I'm back off into The Zone now, so I'll see you in a few hours. Or weeks. It's hard to tell...

Friday, 28 December 2018

Festive Beastmen

I was inspired by the recent release of the Beasts of Chaos Battletome and painted up a trio of minis too add to my Krawl project collection. Here they are in all their cloven-hoofed glory:

The chap above needs no introduction as he's a fairly common classic Oldhammer sculpt from the late 80s. Giving him a red face and green fur lends him a slight Masters of the Universe vibe which I love. I painted his shield separately and stippled the red onto it using sponges to give it some interesting texture. The hue of his face actually blends up into his horns, which is a nod to the incredible work of Don Hans whose minis I find a constant source of inspiration.

The next little guy is a diminutive Ungor - these lighter troops are used as skirmishers in Beastmen armies. I love the medieval vibe of the Ungor designs. They look like they have stepped out of a Bruegel painting. I ramped up his daemonic footsoldier vibe by painting his flesh red and I was pretty pleased how it turned out. I sprayed him black then zenith sprayed him white, before spraying him red all over. This helps to make the red a bit brighter and forces the shading a little.

The black/green flesh on this guy was a response to the Ungor above - if the Ungor was red, it seemed appropriate to make their larger cousins darker and more ominous. On this guy I really tried to go for a more zenithial style of highlighting (which I'll talk more about in a future post) and it worked OK. I actually developed my technique after I finished him, but he is an early success I feel. I kept the wood of his shield rather neutral deliberately so as not to detract from the brighter hues elsewhere. The lightest feature is his horns, which helps to draw the viewer's eye up to his head.

One last thing to say is that I'm developing a palette for my Krawl miniatures. I mentioned this a while back, but it's inspired by the Bitmap Brothers video games of old, Cadaver in particular. The green-shaded-grey acts as a 'signature colour' and the other tones are varied but with commonality between them (the reds are broadly the same, for example).

Next up, a Lord of the Rings Ranger!

Monday, 10 December 2018

Naughty Chaos Spawn

I love the Spawn kits with all their wibbly options. I intend to add a trio of these degenerates to my Night Lords army. I got them all to a certain stage of prep, then rushed ahead and completed this guy.

After his black undercoat I hit him with Mephiston Red spray from one side. This did much of the complex blending for me, and I highlighted him up from there. I added a tiny bit of armour plating to each's shoulder. This allowed me to apply the distinctive Night Lords metallic blue which defines the collection. The red Blood For The Blood God really added a bit of 'pop' at the last stage as it vibrates against the blue.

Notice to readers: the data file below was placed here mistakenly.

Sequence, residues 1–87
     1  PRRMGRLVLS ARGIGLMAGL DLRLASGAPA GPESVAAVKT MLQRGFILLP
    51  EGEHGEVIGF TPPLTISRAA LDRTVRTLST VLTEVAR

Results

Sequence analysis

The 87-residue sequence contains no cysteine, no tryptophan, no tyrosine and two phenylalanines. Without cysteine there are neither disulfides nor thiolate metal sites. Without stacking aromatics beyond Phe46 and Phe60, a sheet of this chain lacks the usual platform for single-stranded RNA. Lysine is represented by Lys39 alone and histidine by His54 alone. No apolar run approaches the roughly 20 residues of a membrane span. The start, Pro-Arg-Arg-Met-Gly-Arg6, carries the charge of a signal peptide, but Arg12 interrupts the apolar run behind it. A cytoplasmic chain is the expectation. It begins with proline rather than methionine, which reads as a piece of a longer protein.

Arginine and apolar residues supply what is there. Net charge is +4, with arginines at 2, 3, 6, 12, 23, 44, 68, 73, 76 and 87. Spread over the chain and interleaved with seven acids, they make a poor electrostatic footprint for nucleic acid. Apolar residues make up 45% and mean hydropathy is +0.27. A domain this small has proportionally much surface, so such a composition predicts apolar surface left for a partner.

You can take Spawn as part of the Chaos Cultist Necromunda gang (the rules for which were printed in White Dwarf a while back). So he's double the fun (which is totally an expression which needs to be used in conjunction with Spawn).


Thursday, 6 December 2018

Krawl - dungeoncrawling in the Age of Sigmar

Dungeons? In Age of Sigmar? This must be...

I've been really enjoying building up a collection of Citadel fantasy 'randoms' (for want of a better term). Odds and sods from the history of Games Workshop, from classic Oldhammer lead minis to some of the beautiful plastics now available. I just choose what I like. And it turns out what I like are little 'grunts' - just rank and file guys. Few are heroes, most are just characterful fellows representing the archetypes of their race or faction. Some are converted, many are not.

But I wanted a structure to what was clearly becoming serious collection. And I love branding. And the dungeoncrawl genre. And card floorplans. So when you mix it all together you get this:

The thing I like about the dungeoncrawl genre is that it doesn't rely on multiples of miniatures. Finding a grot, a tzaangor and an ogor in a room in a dungeon is just fine, thank you (though goodness knows what they were doing there before you kicked down the door...). Games Workshop has explored the genre a little with their Warhammer Quest series of games and in doing so produced some excellent floorplans. While I own and treasure the Silver Tower set, sadly I don't own the Hammerhal ones. As long-time readers will know, I also have an extensive archive of Oldhammer floorplans dating from the late 80s.

So, AoS_Krawl is about...
  1. Collecting whatever random individual minis you like;
  2. Slapping down some 2D floorplans (be they Oldhammer, modern or homemade), and;
  3. Letting your hero(es) krawl, level up, equip loot... and krawl some more...